Moving Average Trading Strategies

by Amanda Harvey



Moving average trading techniques involve the use of moving averages, both as a stand-alone indicator, and also as the basis for more complex indicators such as the MACD, Moving Average Envelopes, and Bollinger Bands. A moving average is a calculation of the average price of a security over a certain period of time, and as the name implies, this average moves or changes from one period to the next. One of the advantages of using a moving average rather than raw price data is that the average has the effect of smoothing out the day to day fluctuations in price, and thereby providing a clearer picture of the general trend in price movement.

The Simple Moving Average

There are a few different types of moving averages, and the most basic of these is the simple moving average, abbreviated to SMA. The simple moving average may be calculated for various time frames, from lengths as short as a couple of periods, to durations of 200 periods or more. Moving averages may be calculated using periods of days, weeks, or months, depending on the trader’s goals and requirements.

The SMA is calculated simply by adding the closing prices for the security for each period of the selected time frame, and then dividing the total by the number of periods. For the following period, the first period from the previous period’s moving average is dropped, and the latest closing price is added in its place and the average is recalculated.

The simple moving average gives equal weight to all periods, whether they are recent or not. It is suggested that the most recent prices are more relevant than those from some time ago, and that giving equal weight to less recent prices causes the average to lag further in relation to the actual prices.

The Exponential Moving Average

The exponential moving average (EMA) addresses the concern that a simple moving average is apt to lag more than a trader may prefer due to the equal weighting of all prices. The EMA gives greater weighting to more recent prices allowing the average to keep pace better with the actual price movement.

A shorter time-frame EMA applies the greatest weighting to the most recent price. For example, a 10-period EMA gives an 18.18% weighting to the latest price. This weighting factor is reduced proportionately based on the number of periods used in the average, meaning that a lengthy EMA will only add minimal weighting to the most recent price.

Moving Average Trading Points to Consider

In the application of moving average trading strategies, one thing to keep in mind is that the shorter the time frame of the moving average, the faster it will respond to changes in price movement. A longer moving average takes more time to reflect price changes.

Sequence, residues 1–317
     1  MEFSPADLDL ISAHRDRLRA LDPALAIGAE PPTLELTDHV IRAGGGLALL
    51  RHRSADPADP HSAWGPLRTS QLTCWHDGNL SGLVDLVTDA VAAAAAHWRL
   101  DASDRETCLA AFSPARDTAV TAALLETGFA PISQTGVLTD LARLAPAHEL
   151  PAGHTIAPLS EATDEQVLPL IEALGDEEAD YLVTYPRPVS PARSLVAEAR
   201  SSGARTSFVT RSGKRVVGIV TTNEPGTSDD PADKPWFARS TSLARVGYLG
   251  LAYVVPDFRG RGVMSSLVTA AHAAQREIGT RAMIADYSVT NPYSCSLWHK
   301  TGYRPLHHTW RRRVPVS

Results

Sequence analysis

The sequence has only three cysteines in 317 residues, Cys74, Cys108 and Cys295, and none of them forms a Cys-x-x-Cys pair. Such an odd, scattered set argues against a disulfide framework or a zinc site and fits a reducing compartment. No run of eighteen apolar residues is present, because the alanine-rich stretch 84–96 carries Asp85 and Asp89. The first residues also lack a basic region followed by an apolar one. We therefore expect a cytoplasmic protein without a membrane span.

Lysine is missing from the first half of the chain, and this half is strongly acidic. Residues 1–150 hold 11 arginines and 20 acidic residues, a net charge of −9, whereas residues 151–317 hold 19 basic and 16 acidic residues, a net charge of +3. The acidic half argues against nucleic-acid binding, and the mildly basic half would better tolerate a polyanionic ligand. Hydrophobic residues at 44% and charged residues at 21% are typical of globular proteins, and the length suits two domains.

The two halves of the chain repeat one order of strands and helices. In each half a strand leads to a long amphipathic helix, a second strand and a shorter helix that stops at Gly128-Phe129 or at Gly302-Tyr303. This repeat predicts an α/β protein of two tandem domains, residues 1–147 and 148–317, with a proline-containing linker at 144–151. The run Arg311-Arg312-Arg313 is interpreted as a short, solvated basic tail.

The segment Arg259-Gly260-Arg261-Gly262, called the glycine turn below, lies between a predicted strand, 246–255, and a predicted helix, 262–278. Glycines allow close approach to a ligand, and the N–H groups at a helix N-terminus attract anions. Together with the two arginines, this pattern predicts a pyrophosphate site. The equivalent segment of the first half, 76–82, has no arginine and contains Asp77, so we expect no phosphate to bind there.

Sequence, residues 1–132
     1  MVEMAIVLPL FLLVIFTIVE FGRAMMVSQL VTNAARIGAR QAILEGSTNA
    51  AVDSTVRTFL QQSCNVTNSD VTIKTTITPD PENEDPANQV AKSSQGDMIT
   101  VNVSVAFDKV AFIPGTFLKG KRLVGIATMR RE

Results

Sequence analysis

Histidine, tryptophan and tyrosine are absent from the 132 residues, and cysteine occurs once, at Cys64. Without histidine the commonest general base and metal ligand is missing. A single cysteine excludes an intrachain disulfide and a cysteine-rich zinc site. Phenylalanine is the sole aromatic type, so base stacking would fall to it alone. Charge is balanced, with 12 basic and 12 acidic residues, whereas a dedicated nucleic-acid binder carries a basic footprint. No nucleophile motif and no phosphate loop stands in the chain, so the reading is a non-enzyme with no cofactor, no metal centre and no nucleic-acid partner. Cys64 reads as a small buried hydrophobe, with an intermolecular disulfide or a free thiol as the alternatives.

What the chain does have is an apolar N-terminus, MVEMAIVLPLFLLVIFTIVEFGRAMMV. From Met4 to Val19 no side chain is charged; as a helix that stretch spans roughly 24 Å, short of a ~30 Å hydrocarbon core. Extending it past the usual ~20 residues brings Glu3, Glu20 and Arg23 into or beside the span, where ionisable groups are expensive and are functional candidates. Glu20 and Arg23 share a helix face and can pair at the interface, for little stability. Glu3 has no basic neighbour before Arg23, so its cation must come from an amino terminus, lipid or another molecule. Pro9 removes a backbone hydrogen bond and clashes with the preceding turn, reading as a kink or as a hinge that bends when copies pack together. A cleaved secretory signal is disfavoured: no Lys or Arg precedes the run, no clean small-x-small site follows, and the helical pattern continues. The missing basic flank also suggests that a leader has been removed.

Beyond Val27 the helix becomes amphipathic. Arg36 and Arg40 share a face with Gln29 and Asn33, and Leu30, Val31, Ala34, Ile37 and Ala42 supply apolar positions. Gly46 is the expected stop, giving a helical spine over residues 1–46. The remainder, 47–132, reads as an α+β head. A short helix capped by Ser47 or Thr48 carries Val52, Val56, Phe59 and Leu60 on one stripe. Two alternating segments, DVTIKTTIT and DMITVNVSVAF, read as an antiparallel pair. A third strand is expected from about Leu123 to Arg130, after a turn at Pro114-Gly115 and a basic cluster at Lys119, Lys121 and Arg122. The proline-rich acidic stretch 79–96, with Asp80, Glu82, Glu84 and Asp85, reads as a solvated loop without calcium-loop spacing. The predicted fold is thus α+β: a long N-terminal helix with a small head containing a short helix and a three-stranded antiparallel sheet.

A key point in using moving averages is that they allow the trader to see a developing trend more clearly, as they eliminate the much of the distraction created by the natural ups and downs that occur regardless of which way prices are moving.

It is also important to be aware that a moving average is a lagging indicator, meaning it moves behind the prices, acting as a confirmation, rather than indicating a probability of something yet to happen. This is a natural result of that fact that the moving average indicator is based on historical price data.

Moving Average Trading Signals

The most commonly used moving average trading signal is known as a ‘crossover,’ which is evident when the moving average line crosses the price line. When the price crosses below the moving average line, this is often interpreted as a signal that the prices are poised to drop further. Conversely, the price crossing above the moving average line may present an indication of an impending move upward.

Another moving average trading method is to apply two moving averages of different lengths to a price chart. A signal known as a ‘golden cross’ is formed when the line of the shorter moving average crosses above the line of the longer moving average. This is interpreted as an indication that the trend is shifting upward, and presents an opportune time to buy.

In contrast to the golden cross, another type of cross is formed when the shorter moving average line crosses below that of the longer moving average. This cross is termed a ‘death cross,’ and represents a sell signal in the likelihood of a downward shift.

In Conclusion

Moving average trading strategies can include the use of both simple and exponential moving averages as an easy to calculate and visually clear and informative method of assessing trends. Moving averages can also be applied to price charts singly or in pairs in order to obtain crossover signals, which present indications of opportune points at which to buy or sell. There are also many popular technical indicators which incorporate the use of moving averages in their calculations. Overall, moving averages are one of the simplest, most popular, and most effective trading tools available to anyone seeking to create effective trading strategies.


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